These past couple months have been full of milestones both personally and for CIVHC. As I get older I’m more cognizant of both the passing of time and what I make of it. I’m trying to be more attentive to key milestones and take every opportunity to celebrate them . As I prepared to write about a couple of key one year milestones for CIVHC, I couldn’t help but think about the one year milestone (6/22) of having become a first-time grandfather to Theo.  I am incorrigible about showing pictures of him and am certain that all of our health care readers will be equally as interested in seeing documentation of how far Theo has come as he hits his first year milestone.

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Food, Nutrition, and Reducing Readmissions

Efforts to reduce readmissions have targeted virtually every element of the patient experience from in-hospital communication to discharge services, records transmission to long-term care and skilled nursing facilities, and in-home support for medication adherence and care coordination. Recently, there’s been increasing focus on the non-medical drivers of readmissions – social determinants that effect day-to-day health and may prove to be significant drivers of hospital readmissions. We know that shelter and security are a huge part of recovery and remaining healthy after a readmission, but access to the appropriate food and nutrition also has enormous impacts on a patient’s health post-discharge.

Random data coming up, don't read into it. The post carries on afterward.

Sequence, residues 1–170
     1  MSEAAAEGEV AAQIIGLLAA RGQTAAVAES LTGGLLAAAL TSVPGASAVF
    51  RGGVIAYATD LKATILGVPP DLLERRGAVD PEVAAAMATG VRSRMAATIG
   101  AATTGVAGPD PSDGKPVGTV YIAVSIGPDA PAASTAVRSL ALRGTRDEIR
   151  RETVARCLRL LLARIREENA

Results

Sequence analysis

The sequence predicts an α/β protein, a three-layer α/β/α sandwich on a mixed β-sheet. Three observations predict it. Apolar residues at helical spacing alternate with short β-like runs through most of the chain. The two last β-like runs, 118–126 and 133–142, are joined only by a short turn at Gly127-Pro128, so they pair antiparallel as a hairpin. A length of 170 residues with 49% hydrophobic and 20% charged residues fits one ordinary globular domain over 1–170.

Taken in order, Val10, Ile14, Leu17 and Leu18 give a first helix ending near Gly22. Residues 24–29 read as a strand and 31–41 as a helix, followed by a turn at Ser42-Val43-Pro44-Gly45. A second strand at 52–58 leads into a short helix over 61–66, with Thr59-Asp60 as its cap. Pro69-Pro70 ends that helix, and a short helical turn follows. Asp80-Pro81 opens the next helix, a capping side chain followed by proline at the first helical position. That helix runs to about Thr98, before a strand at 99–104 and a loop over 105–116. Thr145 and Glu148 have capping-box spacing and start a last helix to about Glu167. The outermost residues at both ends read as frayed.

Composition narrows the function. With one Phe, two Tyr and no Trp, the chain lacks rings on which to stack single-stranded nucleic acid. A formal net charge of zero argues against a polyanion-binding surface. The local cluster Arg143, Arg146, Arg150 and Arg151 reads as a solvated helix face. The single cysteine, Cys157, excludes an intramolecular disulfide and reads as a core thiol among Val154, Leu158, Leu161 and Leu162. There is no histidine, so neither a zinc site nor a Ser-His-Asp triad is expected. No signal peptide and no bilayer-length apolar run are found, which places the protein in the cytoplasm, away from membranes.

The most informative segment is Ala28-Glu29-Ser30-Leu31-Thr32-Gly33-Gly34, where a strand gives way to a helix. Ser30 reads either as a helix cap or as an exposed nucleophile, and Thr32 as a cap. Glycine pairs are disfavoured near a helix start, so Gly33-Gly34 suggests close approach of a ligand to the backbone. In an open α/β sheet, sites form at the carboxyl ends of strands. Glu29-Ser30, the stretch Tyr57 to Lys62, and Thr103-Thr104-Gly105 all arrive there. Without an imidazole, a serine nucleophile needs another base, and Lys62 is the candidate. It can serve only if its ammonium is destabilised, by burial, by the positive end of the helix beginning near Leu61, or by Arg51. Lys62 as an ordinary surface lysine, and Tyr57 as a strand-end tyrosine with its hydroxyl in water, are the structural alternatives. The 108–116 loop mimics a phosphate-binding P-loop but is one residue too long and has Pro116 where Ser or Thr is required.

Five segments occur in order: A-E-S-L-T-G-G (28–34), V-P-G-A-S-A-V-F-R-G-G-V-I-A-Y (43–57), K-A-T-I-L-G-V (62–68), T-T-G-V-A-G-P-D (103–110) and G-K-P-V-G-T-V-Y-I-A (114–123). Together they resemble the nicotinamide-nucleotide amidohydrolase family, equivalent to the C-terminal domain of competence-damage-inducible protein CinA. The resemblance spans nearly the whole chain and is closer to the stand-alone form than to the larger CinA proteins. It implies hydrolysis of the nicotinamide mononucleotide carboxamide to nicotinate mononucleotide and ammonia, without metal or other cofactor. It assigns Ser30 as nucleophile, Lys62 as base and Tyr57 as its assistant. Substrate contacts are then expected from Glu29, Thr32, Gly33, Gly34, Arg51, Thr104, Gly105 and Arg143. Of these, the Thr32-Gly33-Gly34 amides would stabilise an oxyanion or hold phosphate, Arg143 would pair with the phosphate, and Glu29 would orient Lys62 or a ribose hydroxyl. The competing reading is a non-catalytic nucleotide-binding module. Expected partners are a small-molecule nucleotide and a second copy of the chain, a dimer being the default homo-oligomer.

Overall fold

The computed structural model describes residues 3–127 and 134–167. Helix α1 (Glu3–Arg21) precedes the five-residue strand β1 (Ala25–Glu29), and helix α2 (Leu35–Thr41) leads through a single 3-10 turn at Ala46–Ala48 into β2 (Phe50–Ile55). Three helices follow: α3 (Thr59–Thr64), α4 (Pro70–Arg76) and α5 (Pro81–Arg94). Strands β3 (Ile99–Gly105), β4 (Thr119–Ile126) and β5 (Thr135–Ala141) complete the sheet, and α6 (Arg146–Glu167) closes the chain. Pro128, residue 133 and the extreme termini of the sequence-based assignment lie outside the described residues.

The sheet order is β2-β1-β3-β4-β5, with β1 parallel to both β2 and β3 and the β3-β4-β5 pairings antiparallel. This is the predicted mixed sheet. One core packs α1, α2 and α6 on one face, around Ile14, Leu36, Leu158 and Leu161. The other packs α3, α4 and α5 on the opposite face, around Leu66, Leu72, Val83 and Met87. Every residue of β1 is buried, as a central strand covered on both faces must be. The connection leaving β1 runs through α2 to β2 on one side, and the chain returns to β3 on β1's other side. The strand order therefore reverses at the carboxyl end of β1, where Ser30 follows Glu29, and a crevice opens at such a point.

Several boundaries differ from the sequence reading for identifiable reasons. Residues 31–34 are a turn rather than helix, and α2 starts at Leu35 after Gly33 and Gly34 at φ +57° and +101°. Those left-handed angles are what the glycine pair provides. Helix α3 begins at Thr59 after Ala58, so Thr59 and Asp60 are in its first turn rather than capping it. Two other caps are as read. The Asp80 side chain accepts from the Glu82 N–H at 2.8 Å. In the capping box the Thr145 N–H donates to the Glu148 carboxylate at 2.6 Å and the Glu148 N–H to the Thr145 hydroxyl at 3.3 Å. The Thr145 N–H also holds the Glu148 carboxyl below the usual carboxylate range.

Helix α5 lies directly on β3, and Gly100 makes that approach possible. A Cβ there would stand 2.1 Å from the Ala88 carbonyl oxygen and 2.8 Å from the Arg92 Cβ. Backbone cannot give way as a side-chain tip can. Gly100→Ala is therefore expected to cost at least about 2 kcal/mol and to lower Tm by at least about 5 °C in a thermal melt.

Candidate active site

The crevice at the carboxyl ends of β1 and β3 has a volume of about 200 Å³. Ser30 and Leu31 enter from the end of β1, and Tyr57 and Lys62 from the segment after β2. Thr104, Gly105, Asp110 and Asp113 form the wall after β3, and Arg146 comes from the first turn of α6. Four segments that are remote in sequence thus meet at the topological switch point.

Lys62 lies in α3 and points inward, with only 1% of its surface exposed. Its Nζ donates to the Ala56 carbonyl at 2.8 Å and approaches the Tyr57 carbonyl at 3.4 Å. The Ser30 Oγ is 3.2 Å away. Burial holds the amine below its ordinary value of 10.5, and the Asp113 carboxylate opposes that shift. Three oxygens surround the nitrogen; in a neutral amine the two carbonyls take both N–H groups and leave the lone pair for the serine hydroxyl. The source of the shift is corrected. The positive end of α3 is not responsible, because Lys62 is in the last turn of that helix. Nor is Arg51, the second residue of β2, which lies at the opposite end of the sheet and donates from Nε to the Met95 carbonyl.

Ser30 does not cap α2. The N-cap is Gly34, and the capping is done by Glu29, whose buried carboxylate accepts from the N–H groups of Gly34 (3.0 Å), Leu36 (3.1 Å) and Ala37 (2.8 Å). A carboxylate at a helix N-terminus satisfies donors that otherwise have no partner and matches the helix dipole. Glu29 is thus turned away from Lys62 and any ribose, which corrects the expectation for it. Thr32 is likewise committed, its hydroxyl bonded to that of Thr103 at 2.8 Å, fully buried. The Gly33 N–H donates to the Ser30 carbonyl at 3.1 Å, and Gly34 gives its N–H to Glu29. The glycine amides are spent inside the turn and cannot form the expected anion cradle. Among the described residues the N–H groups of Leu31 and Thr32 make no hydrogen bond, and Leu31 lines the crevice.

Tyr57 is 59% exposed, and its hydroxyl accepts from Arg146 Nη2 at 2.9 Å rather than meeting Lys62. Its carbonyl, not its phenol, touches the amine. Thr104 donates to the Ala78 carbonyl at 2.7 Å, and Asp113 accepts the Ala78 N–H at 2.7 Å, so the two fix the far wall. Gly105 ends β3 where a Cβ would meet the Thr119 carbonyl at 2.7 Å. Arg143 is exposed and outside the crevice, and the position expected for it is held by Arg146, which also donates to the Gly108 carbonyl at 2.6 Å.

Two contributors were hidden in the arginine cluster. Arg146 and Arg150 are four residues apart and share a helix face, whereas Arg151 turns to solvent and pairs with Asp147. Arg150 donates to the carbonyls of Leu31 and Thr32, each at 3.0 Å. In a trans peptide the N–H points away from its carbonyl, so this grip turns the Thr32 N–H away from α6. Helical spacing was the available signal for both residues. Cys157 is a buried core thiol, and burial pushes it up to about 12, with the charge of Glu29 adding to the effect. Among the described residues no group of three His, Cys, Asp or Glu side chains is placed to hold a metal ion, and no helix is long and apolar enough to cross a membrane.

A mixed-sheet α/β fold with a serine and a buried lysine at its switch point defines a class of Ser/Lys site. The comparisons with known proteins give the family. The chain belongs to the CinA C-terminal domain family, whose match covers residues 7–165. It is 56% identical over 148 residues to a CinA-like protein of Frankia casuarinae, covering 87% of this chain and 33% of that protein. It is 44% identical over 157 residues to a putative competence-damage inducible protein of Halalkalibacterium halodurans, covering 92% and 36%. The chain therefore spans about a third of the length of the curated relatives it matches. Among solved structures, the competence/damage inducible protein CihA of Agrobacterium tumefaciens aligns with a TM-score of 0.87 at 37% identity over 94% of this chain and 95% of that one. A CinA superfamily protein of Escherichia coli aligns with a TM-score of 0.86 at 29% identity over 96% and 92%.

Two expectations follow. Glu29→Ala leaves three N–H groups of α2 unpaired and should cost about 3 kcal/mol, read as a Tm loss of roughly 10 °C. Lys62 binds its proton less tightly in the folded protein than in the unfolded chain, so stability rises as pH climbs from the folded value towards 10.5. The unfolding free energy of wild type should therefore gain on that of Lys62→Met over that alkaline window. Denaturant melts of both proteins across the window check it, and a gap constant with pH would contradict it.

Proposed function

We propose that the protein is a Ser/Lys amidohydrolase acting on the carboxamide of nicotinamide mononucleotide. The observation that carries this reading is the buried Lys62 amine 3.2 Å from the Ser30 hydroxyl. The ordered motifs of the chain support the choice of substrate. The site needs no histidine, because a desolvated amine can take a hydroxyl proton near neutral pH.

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Readmission Penalties Give Hospitals a Reason to Spend Money on the Right Things

There was a story in the Denver Post this week about Medicare’s penalty for readmissions being charged to 27 Colorado hospitals that participate with Medicare. On average, these hospitals were penalized 1/3 of one percent of their total Medicare reimbursement. In the case of one large hospital system, this amounted to about $300,000 out of a total revenue stream of $2.7 billion, or about 1/100 of one percent. At this level, one might wonder if it’s worth the trouble to administer, or if anyone is really paying attention.

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Cultivating the Network of Care: Building Transformation from the Inside Out

Originally featured in Healthy Transitions Colorado's July newsletter.

On Friday, June 26th Healthy Transitions Colorado held its very first symposium: Building Transformation from the Inside Out. The symposium was the first in a series of three with a complementary learning series titled Cultivating the Network of Care. Thank you to everyone who made the event such a success! Over 70 partners came out for networking and learning more about how to prepare their facilities for community-based care.

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"Doc Fix" and the Potential to Improve Readmissions

There has been a lot of buzz lately about the “doc fix” or the proposed repeal of the Medicare Sustainable Growth Rate formula (SGR). The SGR was put into law in 1997 as part of an attempt to regulate Medicare spending and essentially linked physician Medicare reimbursement to an economic target. The formula turned out to be rather quirky and soon resulted in proposed reimbursement cuts of more than 5 percent per year.